Seemingly, once album sessions were kicked off the recordings which would become ‘Ghost On Ghost’ fell into place almost effortlessly. “It was recorded really quick. The last two records.. it was sort of the blessing the curse of the home studio, I had spent the better part of a year – over nine months – doing the last two. With this one we went in for a week and did the rhythm section and stuff, and then came back about a month later and spent another week doing another section – the strings, the horns, the back up singers – and then we were done. We did all those tracks in two weeks. Then we spent another two weeks mixing, but all in all it was completely the opposite to the last two records, which was really great” he sighs, before adding: “This one was almost like a victory lap. I’m kind of an impatient person. I like putting the time in, and doing it but also.. I’m kind of impatient. It was really nice to be done quickly – I like it.”

In a curious way, Sam Beam has almost pursued his career in reverse. Whereas most artist start off with a ‘live’ feeling album then become more baroque, Iron & Wine have breached a period of studio complexity in favour of something simple, natural. Clash puts it to Sam Beam that perhaps this is due to finding a sense of confidence within the studio walls. “I guess, maybe” he demurs. “It also has to do with prioritising. You get the best sounds that you can going in, try to bring up something fresh in the mix and after that you’re really just spinning your wheels. It’s a diminishing returns, kinda thing, where you keep putting in work but you’re really not changing that much. So just accept losing sleep and obsessing over little things that don’t really matter. And so, I’ve definitely become a lot more hands off!”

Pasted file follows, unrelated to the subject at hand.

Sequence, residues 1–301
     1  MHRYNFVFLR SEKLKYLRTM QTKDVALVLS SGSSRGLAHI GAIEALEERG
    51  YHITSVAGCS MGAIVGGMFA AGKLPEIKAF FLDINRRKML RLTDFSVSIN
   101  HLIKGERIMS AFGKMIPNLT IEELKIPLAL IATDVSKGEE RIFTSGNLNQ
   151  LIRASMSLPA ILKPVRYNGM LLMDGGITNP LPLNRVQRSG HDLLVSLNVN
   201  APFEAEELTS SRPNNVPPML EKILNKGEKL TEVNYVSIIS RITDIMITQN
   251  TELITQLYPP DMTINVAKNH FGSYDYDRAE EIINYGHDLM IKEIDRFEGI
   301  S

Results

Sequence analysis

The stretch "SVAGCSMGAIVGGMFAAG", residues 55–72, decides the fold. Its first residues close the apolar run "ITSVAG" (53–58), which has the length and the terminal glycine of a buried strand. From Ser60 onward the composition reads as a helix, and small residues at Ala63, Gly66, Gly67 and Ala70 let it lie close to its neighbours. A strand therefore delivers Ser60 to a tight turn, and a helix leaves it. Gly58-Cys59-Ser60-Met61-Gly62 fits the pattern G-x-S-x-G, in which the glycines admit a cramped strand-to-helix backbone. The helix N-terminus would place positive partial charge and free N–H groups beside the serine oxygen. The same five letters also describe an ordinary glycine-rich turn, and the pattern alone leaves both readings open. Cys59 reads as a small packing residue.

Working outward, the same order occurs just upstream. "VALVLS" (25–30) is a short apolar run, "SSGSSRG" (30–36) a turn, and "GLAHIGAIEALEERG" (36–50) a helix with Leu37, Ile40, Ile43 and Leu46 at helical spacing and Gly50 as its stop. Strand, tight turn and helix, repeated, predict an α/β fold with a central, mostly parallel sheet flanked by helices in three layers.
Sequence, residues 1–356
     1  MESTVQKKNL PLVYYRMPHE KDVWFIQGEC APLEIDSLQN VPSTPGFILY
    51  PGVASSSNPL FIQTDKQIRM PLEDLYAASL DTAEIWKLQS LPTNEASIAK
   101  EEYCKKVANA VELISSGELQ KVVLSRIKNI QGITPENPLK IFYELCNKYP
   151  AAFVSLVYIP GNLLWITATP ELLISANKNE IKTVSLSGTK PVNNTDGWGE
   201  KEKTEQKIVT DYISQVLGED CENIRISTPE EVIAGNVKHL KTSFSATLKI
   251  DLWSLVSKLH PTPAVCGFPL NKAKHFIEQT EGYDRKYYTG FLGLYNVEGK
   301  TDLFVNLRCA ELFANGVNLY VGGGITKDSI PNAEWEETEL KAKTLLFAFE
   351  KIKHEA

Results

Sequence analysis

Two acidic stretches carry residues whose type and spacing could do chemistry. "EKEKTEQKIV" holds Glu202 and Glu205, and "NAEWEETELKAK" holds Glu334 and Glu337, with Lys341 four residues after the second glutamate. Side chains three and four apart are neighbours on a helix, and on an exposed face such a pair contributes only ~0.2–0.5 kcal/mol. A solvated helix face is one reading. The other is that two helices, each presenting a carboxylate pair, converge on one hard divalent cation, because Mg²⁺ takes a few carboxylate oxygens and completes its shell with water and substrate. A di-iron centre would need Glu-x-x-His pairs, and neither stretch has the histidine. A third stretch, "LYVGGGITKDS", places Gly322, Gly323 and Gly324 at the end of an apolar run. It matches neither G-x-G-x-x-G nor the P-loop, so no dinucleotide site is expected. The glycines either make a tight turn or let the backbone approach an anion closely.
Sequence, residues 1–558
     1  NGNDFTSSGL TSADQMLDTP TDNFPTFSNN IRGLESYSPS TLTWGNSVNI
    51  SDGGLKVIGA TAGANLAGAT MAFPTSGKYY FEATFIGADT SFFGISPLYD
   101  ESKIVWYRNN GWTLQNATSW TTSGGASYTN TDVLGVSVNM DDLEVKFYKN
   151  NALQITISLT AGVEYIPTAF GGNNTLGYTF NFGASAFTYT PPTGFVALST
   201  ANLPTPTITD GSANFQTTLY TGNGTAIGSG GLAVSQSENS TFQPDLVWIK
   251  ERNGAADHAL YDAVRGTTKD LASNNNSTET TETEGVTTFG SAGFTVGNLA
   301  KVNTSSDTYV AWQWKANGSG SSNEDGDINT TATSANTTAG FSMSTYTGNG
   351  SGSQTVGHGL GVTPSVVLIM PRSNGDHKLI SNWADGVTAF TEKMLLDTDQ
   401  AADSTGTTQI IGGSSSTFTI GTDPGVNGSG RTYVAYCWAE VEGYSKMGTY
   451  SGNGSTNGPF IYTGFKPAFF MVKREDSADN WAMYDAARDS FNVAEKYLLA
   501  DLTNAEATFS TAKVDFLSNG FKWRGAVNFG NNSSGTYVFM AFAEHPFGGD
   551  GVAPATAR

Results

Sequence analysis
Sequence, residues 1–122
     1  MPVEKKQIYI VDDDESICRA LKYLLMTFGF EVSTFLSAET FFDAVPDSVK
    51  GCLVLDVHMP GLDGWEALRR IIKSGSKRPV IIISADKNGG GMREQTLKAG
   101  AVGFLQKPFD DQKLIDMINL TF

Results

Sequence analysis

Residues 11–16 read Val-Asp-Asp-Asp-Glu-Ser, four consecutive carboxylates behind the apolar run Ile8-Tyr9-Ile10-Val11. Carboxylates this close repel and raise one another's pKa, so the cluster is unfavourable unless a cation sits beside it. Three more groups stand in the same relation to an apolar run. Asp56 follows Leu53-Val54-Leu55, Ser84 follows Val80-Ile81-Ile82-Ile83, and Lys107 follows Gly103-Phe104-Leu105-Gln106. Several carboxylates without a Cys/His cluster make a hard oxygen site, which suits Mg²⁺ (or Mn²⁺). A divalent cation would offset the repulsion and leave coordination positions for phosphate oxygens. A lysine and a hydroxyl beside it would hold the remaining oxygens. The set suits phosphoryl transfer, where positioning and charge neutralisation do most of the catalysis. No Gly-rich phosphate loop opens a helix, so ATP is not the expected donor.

As beautifully recorded as ‘Ghost On Ghost’ undoubtedly, is the broad sonic sweep of Iron & Wine’s music can sometimes disguise Sam Beam’s wonderfully wrought lyrics. Even down to that title, which nods towards the theme binding together these disparate tracks: “There seemed to be this recurring couple – not necessarily the same couple – but I had a bunch of songs which had this sort of central couple” he explains. “It was usually this couple against the world, working together. This couple idea kept on coming up. They were the central characters in these little dramas. So I collected those and put them on the cover, and the title even has something to do with their relationship.”